SKY18-001

Project Overview

SKY18-001
Project Type: PDP State Program
Funds awarded in 2018: $44,444.00
Projected End Date: 06/30/2021
Grant Recipient: University of Kentucky
Region: Southern
State: Kentucky
State Coordinator:
Dr. Timothy Woods
University of Kentucky

Commodities

Not commodity specific

Practices

  • Education and Training: extension, technical assistance
  • Sustainable Communities: local and regional food systems

    Abstract:

    Dr. Paul Vincelli is the UK State Coordinator and Brett Wolff as the Kentucky Program Assistant. In addition to his leadership of the program, Dr. Vincelli has brought expertise in the areas of climate change, cover crops, and GMO technology. Brett continues to act as a networker for the program, identifying new opportunities for collaboration and new venues to share SSARE resources. In the past, KYSARE has supported a number of smaller sustainability-related programs. This year, we are focusing on one major event, ongoing support of grazing initiatives, and creating opportunities for professional development within our institution:

    Organic Transition Trainer "Train the Trainer"
    o The University of Kentucky offers an annual grazing conference in the fall, and we would like to offer partial support for speaker costs.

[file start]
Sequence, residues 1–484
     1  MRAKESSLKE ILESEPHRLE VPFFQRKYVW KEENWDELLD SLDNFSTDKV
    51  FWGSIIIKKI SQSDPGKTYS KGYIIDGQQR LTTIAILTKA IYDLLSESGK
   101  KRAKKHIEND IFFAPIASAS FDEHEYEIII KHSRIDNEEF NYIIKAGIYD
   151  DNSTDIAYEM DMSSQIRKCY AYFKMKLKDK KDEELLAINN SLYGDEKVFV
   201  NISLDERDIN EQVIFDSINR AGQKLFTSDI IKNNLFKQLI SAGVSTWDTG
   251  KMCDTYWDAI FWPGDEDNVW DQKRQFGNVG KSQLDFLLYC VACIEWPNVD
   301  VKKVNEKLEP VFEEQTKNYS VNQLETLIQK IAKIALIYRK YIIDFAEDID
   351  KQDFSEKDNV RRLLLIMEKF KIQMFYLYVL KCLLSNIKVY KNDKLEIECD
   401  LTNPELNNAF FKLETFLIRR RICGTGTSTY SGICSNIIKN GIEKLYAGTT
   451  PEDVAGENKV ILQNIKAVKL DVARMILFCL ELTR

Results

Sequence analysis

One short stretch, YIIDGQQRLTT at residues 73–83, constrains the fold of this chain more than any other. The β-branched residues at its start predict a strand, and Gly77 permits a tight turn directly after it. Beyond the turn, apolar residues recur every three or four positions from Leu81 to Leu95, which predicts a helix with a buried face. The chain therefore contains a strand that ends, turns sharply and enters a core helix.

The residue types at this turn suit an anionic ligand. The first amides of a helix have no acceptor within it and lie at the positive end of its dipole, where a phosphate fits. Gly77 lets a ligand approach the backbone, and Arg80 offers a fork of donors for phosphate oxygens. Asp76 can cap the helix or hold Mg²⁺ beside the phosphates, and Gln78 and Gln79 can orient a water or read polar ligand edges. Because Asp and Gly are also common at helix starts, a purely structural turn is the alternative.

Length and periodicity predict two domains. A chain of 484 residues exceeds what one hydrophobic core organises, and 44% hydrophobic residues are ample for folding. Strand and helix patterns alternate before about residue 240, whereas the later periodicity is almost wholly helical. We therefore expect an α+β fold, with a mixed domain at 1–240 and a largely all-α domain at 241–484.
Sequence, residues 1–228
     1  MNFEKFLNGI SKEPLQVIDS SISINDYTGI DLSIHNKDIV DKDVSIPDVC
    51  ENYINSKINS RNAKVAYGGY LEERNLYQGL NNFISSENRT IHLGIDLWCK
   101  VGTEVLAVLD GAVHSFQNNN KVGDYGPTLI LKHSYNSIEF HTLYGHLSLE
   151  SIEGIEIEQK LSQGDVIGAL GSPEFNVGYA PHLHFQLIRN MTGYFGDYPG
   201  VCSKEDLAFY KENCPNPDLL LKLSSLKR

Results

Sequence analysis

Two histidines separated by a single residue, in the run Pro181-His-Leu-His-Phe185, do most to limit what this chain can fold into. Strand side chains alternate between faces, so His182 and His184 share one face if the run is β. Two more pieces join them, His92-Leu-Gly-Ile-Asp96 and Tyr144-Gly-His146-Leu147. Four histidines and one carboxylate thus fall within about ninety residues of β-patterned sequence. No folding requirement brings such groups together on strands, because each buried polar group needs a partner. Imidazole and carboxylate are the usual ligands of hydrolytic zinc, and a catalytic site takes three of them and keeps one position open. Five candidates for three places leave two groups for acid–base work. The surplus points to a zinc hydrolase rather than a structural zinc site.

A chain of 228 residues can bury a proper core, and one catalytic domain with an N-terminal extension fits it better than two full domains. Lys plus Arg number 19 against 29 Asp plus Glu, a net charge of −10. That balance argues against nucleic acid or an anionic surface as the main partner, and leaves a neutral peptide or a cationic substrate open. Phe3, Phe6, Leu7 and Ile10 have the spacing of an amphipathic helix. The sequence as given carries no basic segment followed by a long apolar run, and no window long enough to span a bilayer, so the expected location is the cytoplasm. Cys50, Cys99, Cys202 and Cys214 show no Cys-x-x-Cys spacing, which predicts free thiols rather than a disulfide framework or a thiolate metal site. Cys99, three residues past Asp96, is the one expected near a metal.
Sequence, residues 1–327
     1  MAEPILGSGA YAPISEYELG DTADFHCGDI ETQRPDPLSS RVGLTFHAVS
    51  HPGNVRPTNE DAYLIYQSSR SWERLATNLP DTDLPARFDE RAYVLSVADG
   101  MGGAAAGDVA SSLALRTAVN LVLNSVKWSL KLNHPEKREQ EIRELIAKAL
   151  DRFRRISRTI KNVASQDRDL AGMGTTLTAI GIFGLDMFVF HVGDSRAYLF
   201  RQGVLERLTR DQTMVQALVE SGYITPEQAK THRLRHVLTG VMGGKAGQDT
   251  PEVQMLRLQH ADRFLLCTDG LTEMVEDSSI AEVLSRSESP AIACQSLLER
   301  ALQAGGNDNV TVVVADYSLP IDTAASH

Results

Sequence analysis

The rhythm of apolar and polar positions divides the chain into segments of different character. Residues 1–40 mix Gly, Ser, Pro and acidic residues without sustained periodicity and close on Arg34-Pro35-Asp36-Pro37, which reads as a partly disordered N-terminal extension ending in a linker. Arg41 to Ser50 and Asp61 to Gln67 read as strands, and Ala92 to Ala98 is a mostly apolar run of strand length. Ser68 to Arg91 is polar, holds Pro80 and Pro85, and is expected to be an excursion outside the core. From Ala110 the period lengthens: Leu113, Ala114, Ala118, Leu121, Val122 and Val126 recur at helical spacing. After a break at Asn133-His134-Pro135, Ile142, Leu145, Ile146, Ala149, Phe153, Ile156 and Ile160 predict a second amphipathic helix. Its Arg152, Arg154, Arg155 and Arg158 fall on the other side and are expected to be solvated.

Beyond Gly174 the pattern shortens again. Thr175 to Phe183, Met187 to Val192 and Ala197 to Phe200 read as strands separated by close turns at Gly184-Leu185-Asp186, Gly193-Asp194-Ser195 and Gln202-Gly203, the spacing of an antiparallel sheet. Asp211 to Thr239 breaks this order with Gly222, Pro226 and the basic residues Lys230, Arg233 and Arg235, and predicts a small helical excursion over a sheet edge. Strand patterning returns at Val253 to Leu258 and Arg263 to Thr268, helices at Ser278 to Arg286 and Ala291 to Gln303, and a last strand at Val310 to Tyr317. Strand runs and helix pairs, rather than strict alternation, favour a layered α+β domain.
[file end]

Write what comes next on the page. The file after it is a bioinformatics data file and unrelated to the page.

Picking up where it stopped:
– Genetic Engineering Education
    o Programming aimed at outreach to farmers and the general public detailing the science-based risks and benefits of genetic engineering for sustainability in agriculture.
    Extension Associate/Specialist & NGO Professional Development Scholarships
    o Providing travel opportunities for Extension personnel and NGO professionals to attend sustainability-related conferences or workshops in or out of the state.

    In 2018-19, we plan to engage our Advisory Committee and keep them informed of ongoing activities and to contact them in the fall to discuss projects for next year.

    Project objectives:

    Abstract was modified slightly, but overall objectives remained the same.

    Any opinions, findings, conclusions, or recommendations expressed in this publication are those of the author(s) and do not necessarily reflect the view of the U.S. Department of Agriculture or SARE.